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Static friction between rough surfaces: Exploring the role of surface structure and molecular interactions

Dr. Hanaor - Department of Ceramic Materials - TU Berlin's picture

Static friction at fractal interfaces

In this work, the role of surface fractality, roughness and atomic/molecular friction are explored with relation to static friction between pairs of rough surfaces. This work represents one of the few studies investigating friction between pairs of rough surfaces, rather than rough on flat conditions. The interplay of surface fractality and atomic friction are revealed here with implications for the design of surface treatment procedures.

Image result for static friction at fractal interfaces  Image result for static friction at fractal interfaces

On left, interaction between rough surfaces, on right evolution of surface fractality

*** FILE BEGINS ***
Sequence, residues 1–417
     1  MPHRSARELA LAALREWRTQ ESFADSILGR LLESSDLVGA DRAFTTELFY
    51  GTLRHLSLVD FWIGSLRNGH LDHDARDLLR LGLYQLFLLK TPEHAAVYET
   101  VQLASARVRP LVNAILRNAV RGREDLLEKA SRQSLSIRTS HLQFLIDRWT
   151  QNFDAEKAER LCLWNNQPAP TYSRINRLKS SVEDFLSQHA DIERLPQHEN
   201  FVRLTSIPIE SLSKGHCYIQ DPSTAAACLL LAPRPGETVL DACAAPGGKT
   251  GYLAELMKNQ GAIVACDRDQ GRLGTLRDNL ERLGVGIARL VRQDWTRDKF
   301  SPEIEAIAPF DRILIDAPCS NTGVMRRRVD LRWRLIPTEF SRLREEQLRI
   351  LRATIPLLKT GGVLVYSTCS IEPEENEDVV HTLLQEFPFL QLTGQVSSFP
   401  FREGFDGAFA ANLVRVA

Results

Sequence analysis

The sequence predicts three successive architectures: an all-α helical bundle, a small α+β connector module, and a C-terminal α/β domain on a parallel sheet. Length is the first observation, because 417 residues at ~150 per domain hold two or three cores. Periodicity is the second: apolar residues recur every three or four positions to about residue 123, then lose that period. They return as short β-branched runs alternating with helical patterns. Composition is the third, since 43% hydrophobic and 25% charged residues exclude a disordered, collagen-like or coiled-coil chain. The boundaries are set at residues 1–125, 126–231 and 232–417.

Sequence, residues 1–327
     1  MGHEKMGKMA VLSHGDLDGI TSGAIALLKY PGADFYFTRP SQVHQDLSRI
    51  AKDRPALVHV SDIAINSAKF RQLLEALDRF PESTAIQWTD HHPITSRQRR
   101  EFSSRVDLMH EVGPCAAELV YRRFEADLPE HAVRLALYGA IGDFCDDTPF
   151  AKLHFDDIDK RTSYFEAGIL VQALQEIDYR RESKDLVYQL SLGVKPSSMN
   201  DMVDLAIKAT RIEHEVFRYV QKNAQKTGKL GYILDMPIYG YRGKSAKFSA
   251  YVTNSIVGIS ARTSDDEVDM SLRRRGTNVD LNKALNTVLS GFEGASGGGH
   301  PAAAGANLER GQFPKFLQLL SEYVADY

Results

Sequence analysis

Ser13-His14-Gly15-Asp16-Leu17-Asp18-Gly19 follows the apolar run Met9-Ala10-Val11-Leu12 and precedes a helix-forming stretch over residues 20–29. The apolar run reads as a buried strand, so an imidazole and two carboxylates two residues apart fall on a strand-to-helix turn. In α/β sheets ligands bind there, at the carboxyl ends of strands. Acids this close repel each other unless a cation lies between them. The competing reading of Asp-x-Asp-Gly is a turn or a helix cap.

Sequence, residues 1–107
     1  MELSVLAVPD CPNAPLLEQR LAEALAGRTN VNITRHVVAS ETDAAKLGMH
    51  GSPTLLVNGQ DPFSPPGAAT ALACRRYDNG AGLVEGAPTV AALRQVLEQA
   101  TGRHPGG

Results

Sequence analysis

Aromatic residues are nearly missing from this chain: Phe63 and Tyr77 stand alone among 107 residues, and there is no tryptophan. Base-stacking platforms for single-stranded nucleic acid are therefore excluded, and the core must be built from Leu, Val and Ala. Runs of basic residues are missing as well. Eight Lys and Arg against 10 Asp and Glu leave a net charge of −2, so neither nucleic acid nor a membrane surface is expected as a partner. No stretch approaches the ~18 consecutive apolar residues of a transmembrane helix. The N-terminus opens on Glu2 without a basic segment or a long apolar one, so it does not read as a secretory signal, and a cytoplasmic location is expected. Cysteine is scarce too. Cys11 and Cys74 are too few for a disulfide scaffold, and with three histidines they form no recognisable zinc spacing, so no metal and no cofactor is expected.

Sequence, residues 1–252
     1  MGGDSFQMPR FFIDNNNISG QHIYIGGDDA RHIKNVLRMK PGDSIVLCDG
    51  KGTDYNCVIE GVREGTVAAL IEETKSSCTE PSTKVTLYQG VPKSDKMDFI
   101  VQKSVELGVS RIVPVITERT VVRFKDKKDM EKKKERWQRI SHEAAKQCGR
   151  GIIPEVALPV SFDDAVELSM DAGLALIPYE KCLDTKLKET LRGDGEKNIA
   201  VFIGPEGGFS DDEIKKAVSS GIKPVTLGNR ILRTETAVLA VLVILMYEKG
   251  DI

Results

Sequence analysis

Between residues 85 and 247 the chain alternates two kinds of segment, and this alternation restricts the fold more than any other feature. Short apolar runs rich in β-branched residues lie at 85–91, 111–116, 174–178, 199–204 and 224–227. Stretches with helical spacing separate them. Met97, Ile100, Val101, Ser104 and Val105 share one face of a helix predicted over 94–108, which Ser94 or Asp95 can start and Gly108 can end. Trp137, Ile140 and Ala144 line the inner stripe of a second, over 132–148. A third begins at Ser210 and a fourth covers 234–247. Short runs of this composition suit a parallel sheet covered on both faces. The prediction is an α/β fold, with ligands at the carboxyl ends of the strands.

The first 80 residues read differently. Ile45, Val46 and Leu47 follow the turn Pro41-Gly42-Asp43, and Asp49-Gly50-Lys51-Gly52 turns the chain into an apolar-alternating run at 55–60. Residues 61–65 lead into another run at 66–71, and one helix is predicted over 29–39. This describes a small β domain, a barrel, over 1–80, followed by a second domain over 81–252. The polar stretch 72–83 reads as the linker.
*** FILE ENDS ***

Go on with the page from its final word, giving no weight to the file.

Tribological phenomena are governed by combined effects of material properties, topology and surface-chemistry. We study the interplay of multiscale surface structures with molecular-scale interactions towards interpreting static frictional interactions at fractal interfaces. By spline-assisted-discretization we analyse asperity interactions in pairs of contacting fractal surface-profiles. For elastically deforming asperities, force analysis reveals greater friction at surfaces exhibiting higher fractality, with increasing molecular-scale friction amplifying this trend. Increasing adhesive strength yields higher overall friction at surfaces of lower fractality owing to greater true-contact-area. In systems where adhesive-type interactions play an important role, such as those where cold-welded junctions form, friction is minimised at an intermediate value of surface profile fractality found to be around 1.3–1.5. Results have implications for systems exhibiting evolving surface structures.


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